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Afro Is Punk!

 by Rose Miyonga

Next month, Afropunk is returning to London, off the back of a triumphant debut last year. On the 22nd and 23rd of July, the Printworks will be taken over by an international collection of music-lovers to honour the pure talent of a glistening line-up of UK and US musicians and DJs.

LITTLE SIMS

Little Simz

 

The festival line-up is full of home-grown talent in grime, punk, hip-hop, soul, reggae, roots, soul, pop genres, including Lianne La Havas, Nao, Little Simz, Corinne Bailey Rae, Nadia Rose and Jazzie B, as well as US acts like Willow Smith and The Internet. To be honest, the entire programme is flawless, and it’s really hard to pick highlights. What unites these acts is a commitment to being unapologetically themselves in their creative ventures.

As such, their work intersects with the political, and is punk in its essence.

“We, the people have the will to heal the divisions that threaten to reduce our dreams to ashes. We believe in resurrecting the creative power of our diversity. We open our hearts and minds, and dance to the rhythm of a brand-new future. Together. Brave and compassionate. And beautiful.” — Afropunk ‘We, the people’ statement

Willow Smith thandiekay.com

CBR

  Afropunk first came to my attention many years ago. They used to, and still do, post an ‘Afro of the Day’ picture on their social media pages, and I remember spending hours reading through their backlog of posts, sharing love and stories of empowerment with a global 

Afropunk first came to my attention many years ago. They used to, and still do, post an ‘Afro of the Day’ picture on their social media pages, and I remember spending hours reading through their backlog of posts, sharing love and stories of empowerment with a global community of multi-cultural people enjoying radical self-expression.

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A beacon for misfits and mavericks…. 

Founded in 2003 by Matthew Morgan, the website and community emerged from his ‘Afro-Punk’ documentary, which looked at the lives of black punks in America. As a brown woman who likes rock more than RnB, I was excited to find a community of black people interested in alternative forms of creative expression than those made available to us in mainstream media.

Over the years, Afropunk has become a beacon for misfits and mavericks of all races, genders, colours, creeds and tastes, celebrating diversity and non-conformism in its online publication, and its festivals, now held in Atlanta, Brooklyn, London and Johannesburg, are a glorious extension of this mission.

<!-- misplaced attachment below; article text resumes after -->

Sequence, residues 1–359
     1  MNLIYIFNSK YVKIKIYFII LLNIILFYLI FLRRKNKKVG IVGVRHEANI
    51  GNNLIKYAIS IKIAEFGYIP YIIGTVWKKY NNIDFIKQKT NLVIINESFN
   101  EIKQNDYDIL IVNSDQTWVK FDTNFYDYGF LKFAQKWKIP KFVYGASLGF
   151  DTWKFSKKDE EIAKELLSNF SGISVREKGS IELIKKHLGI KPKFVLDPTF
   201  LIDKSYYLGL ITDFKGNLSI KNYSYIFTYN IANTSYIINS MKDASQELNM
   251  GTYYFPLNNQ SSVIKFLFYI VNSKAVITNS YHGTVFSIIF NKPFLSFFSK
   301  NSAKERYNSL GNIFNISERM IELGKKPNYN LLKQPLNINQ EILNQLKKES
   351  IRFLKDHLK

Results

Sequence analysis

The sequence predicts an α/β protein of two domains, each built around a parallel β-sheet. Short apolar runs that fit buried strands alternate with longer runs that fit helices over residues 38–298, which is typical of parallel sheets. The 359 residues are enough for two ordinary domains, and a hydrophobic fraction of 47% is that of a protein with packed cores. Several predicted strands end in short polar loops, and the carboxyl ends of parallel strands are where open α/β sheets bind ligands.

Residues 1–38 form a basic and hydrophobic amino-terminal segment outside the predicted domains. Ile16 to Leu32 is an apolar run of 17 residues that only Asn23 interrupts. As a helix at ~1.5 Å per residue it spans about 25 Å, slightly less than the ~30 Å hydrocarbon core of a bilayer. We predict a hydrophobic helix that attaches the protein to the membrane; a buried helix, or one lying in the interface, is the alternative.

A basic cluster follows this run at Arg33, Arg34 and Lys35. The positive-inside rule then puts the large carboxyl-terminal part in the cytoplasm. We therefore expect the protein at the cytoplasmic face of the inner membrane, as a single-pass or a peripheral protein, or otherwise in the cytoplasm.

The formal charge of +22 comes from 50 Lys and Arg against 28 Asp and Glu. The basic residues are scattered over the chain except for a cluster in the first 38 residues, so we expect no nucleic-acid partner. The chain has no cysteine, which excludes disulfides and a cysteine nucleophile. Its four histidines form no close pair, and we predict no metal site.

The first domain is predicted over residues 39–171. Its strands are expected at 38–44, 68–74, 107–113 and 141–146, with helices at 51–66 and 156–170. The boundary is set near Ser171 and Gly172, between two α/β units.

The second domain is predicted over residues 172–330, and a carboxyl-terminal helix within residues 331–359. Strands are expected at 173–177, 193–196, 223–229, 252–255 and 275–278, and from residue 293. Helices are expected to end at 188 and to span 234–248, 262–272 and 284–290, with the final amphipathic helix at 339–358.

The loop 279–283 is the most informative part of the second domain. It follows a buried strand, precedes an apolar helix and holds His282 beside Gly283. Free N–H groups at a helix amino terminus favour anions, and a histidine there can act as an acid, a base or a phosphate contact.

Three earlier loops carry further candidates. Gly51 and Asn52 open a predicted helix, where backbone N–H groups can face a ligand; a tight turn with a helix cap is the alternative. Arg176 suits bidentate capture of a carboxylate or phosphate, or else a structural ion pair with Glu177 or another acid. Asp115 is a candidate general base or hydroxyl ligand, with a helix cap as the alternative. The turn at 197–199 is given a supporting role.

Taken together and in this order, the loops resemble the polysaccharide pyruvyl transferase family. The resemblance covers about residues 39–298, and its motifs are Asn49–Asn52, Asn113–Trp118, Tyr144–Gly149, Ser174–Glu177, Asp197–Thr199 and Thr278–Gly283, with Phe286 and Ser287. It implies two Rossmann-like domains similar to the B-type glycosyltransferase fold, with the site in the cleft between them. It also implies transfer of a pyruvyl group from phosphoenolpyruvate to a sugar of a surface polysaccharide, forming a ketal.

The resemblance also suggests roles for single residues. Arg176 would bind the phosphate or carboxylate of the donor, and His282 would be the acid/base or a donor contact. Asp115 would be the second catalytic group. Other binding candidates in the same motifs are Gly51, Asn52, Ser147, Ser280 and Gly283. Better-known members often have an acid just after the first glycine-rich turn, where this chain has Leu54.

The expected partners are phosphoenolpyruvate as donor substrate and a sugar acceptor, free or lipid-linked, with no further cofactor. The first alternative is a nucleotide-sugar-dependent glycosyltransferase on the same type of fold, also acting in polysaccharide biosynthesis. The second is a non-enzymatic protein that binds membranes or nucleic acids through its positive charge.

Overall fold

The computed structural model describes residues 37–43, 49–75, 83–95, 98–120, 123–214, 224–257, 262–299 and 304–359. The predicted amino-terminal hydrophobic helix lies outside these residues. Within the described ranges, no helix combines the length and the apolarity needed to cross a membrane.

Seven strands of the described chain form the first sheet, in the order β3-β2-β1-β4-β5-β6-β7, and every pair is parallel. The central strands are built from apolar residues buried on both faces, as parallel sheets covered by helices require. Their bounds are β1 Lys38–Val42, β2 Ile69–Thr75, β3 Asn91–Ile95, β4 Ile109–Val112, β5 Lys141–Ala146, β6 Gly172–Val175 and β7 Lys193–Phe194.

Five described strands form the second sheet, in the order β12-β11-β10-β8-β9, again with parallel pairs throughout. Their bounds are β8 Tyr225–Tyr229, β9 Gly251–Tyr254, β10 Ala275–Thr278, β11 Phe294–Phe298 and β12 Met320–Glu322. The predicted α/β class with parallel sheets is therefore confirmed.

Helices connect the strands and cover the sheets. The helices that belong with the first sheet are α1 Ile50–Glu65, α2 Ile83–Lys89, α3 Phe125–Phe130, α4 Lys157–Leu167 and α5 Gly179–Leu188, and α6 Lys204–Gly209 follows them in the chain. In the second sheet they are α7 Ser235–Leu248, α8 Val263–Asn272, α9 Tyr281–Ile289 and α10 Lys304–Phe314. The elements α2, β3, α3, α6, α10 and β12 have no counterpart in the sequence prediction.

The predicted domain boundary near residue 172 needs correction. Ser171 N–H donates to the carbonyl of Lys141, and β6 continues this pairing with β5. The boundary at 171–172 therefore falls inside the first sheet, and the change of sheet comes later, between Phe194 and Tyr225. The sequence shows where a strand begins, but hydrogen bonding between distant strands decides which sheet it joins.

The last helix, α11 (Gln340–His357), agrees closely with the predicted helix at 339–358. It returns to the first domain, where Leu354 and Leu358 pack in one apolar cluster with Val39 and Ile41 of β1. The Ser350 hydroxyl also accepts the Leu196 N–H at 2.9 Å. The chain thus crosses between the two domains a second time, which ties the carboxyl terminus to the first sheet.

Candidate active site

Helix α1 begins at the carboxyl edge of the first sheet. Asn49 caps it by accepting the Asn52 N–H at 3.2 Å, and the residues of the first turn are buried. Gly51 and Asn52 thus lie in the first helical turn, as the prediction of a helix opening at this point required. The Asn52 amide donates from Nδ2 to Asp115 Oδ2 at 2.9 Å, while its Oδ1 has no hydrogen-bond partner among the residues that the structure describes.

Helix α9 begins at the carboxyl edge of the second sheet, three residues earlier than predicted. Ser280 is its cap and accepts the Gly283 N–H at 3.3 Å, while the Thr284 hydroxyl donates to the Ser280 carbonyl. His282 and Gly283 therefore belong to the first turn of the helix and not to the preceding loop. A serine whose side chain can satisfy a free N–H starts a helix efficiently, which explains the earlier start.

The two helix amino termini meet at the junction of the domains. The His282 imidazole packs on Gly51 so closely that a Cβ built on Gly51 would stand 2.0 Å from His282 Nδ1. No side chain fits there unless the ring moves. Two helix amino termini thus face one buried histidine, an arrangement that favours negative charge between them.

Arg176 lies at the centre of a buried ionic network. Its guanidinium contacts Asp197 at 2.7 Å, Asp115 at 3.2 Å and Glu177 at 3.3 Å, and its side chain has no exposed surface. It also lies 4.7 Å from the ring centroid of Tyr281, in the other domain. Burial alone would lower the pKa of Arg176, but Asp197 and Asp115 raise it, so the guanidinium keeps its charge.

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Afro Punkers-9And it’s not just music. This year, Printworks will host the Spinthrift Market, showcases and celebrates the best of London’s maker community, inspired by African prints, textiles and art forms.

And, for budding musicians, and those interested in discovering new local talent, the Soundcloud x Battle of the Bands, which will give homegrown artists the chance to perform at Afropunk London aAfro Punkers-18nd be part of a development programme. In this way, Afropunk demonstrates its commitment to nurturing the creative talents of the next generation of artists, providing vital exposure and celebration of innovation in the creative fields.

This idea of giving back to the community is furthered by the fact that Afropunk offers fans the chance to volunteer their time in community service in order to earn their entry to the festival. As such, they seek to create a living movement that extends further than the individual events, enriching lives on a day-to-day level.

Tickets for Afropunk Festival London 2017 are still available here. Hope to see you there!

You can also follow Afropunk on Instagram, Facebook and Twitter, and I highly recommend that you do, because their pages are full of beautiful, radical and important work.

We will be reporting from the festival, with interviews and much more, so be sure to keep an eye on ThandieKay.com for all the dish on Afropunk Festival London 2017.

Corinne Bailey Rae’s S/S14 edit

Posted by Kay.

I met Corinne last year when we did some make-up films together for becauselondon.com. I also follow her on pinterest and let me tell you this stylish lady knows her refs! So how lucky are we to have a Grammy award-winning songstress to review her favourite shows from each city?

Corrine Fro 2012

Corinne on the Frow at Christian Siriano S/S12

Corinne:

Fashion week is over!

This year I have watched it from Los Angeles where I’m recording my album, but thank goodness for style.com, The Sartorialist and Garance Dore!  Here are my personal favourites from New York, London, Milan and Paris. Enjoy!

London

Ashish

Is it just me or was the Ashish show amazing?!!  If there are two distinct camps in British fashion, one playful, multi-ethnic, attuned to the street and the other serious, english-rose-celebrating, and conservative, then Ashish is definitely in the former.

I loved this show, inspired by ‘the morning’ after dash to the cornershop. The models, in gorgeously disheveled hair and make-up, wore loose dresses, animal print jumpsuits and torn and holly denim, all festooned with sequins.

Even jogging bottoms got a disco touch, while raw and glittering fabrics had Arabic phrases, such as “thanks for coming”,  woven into them. Velvet slippers were bejewelled, socks mismatched and the Coke emblem was everywhere.

Ashish S/S14

Ashish S/S14

Ashish S/S14

Ashish S/S14

 

This post-club tribe wore head dresses and jewellery from an imagined Africa and Persia,